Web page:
Old school Polish elevators are something of a curiosity. They are prevalent in the old blocks, even if one thinks that they violate basic safety codes. Instead of two doors, these old lifts have a single door that opens outward (it's kind of like walking into a small closet that ascends.) When the door closes, the elevator rises without an inner door, so you can see the wall climb. A favorite pastime is to see how fast you can write graffiti on the space between floors before it pass you by.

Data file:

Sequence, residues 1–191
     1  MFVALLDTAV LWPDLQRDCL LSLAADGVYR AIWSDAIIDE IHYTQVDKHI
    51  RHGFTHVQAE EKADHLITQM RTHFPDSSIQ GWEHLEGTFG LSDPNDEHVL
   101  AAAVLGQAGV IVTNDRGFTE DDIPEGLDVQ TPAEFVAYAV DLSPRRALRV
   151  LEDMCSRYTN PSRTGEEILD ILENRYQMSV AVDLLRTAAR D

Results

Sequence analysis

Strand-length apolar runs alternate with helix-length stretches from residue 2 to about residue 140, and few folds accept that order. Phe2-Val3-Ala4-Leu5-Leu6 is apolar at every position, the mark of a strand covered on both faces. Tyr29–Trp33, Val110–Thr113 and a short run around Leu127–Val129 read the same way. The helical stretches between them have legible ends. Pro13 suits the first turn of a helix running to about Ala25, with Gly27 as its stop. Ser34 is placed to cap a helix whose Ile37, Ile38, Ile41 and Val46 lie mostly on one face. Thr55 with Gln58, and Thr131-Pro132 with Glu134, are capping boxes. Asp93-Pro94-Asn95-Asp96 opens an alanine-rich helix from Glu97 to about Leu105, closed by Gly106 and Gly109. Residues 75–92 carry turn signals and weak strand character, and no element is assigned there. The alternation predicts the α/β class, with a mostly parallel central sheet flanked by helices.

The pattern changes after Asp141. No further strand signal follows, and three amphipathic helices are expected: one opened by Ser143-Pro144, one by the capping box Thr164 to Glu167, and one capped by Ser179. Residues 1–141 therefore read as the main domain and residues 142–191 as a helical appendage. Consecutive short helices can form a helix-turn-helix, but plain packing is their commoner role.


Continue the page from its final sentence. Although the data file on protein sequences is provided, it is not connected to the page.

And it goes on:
The new elevators are pretty typical, like you would see anywhere. Like most things these days—from your toaster to your fridge to your car—they are controlled by microchips that run certain algorithms. These algorithms, however, are actually pretty shitty and could use a good tune up (imagine your toaster either scorching your bread or barely warming it. You would say, "What a crappy purchase. I need a new one.") Many times have I encountered two elevators side-by-side, that respond to the same button. Ideally, you would press the button and the elevator that would take you to your destination the quickest and most efficiently would open up and take you (e.g. if you wanted to go down, an already-descending one would pick you up on the way.) That's not how it works. Press the button and usually nothing will happen for a space of time, before the least logical choice slowly comes to your floor. Have an elevator that's one floor away and not carrying anyone? You're going to have to wait for the one that's thirteen floors away go up in the opposite direction, pick someone up, and then go down to the parking garage, then come to you, all the while the other elevator patiently waits at its floor. As I said, these elevators need tune ups.